BISHOPS have lent their support to calls on the Government to fix Universal Credit, after analysis was published illustrating the “poverty-producing” results of cuts to the benefit.
The report, Austerity Generation: the impact of a decade of cuts on family incomes and child poverty, warns that cuts to the benefit system inherited by the Coalition Government in 2010, and to its flagship reform, Universal Credit, are set to “damage the life chances of hundreds of thousands of children”. Child Poverty Action Group, which published the report, is calling on the Chancellor to mount a “full-scale rescue mission for Universal Credit”, which once promised to lift 350,000 children out of poverty.
The analysis, conducted by the Institute for Public Policy Research, suggests that, were Universal Credit to be fully implemented by 2020, there would be a million more children in poverty than there would have been had it been introduced as promised. It is “an indication of the extent to which Universal Credit has been hollowed out and its promise of poverty reduction abandoned”, the authors write. They estimate that, as a result of all benefits cuts since 2010, 500,000 more children will be in “severe poverty” in 2020.
The analysis was “deeply worrying because it shows that the poorest families — single parents, larger families and those with disabled children — will be worst affected by the introduction of Universal Credit,” the Bishop of Durham, the Rt Revd Paul Butler, said on Monday. “Instead of reducing poverty, as intended, it predicts that one million more children are likely to be pushed into poverty.
“I hope in the Budget the Chancellor will seriously look at how this policy can return to its original aims, starting by protecting families and children from the rising cost of living.The health of a good society is seen in how best we care for children and the very vulnerable.”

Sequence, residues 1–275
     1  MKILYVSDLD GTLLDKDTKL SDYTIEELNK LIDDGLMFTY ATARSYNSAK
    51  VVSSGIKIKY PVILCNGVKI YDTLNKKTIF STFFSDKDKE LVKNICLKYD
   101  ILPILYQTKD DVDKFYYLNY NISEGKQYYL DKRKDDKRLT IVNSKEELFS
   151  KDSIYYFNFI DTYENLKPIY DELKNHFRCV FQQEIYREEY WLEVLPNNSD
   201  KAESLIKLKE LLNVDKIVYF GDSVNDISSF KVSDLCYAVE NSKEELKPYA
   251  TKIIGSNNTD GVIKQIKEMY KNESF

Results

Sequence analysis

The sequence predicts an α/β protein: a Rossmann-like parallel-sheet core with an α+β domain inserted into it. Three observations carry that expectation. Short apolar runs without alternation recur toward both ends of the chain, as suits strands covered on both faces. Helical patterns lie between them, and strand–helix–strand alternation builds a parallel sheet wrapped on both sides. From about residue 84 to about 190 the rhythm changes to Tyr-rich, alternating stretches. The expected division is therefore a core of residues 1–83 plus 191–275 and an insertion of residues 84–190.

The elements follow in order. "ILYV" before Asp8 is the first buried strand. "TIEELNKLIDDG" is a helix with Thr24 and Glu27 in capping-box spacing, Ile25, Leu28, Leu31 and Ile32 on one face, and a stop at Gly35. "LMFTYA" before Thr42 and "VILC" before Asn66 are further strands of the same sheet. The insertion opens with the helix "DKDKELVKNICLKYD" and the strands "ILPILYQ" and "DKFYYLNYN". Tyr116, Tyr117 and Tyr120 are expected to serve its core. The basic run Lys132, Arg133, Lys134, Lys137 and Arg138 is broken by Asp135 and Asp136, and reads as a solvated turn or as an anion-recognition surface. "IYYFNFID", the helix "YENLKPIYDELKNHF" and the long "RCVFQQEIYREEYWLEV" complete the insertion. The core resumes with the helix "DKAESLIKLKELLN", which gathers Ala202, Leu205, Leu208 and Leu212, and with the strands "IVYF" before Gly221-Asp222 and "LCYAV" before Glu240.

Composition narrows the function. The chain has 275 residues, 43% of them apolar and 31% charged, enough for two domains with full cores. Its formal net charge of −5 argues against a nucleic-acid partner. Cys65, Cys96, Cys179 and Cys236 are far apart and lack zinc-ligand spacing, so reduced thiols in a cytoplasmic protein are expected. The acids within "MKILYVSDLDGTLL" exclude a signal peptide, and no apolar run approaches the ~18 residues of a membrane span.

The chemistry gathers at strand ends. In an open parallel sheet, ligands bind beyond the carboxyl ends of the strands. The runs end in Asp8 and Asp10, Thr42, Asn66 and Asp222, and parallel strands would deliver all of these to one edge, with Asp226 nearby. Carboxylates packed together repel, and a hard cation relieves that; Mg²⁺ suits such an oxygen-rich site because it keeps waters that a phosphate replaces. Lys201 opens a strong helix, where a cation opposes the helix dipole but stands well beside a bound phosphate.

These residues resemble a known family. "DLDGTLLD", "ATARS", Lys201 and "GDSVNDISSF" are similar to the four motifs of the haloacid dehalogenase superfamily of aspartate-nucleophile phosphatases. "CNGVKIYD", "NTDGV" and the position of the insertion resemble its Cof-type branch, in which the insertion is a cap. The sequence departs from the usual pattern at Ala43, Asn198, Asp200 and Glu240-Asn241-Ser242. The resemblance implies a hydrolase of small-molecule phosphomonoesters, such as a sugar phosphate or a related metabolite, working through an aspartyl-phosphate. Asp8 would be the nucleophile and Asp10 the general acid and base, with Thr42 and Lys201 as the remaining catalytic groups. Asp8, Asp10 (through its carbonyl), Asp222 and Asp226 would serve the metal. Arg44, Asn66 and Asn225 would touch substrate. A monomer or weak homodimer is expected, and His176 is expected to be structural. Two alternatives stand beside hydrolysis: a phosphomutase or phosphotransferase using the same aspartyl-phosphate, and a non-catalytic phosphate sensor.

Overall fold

Universal Credit was initially welcomed by charities, including the Joseph Rowntree Foundation, which continues to support it in principle (News, 27 October). But it has warned that cuts to the work allowance (the amount families can earn before their support starts to be withdrawn) are projected to push 340,000 people into poverty by 2020. Other changes in recent years include the benefits freeze and the restriction of child benefit to two children per family. Last year, the Office for Budget Responsibility confirmed that it was “now less generous on average than the tax credits and benefits system it replaces”, and last month the Bishop of Manchester, Dr David Walker, expressed concern that it was now being used by the Government to save money.
Among the worked examples set out in the IPPR report is that of a couple with two young children, with one full-time and one part-time earner on the “national living wage”. They are expected to be £1200 worse off a year as a result of cuts to Universal Credit. Lone parents with children will be £2380 worse off. “Families already at the greatest risk of poverty will lose most: not just lone parents but families already on low incomes, larger families, families with young children, and families where someone is disabled,” the report says. The only families likely to benefit from the changes to UC since 2013 are those with up to two children, using “significant amounts” of childcare (which is subsidised), it suggests.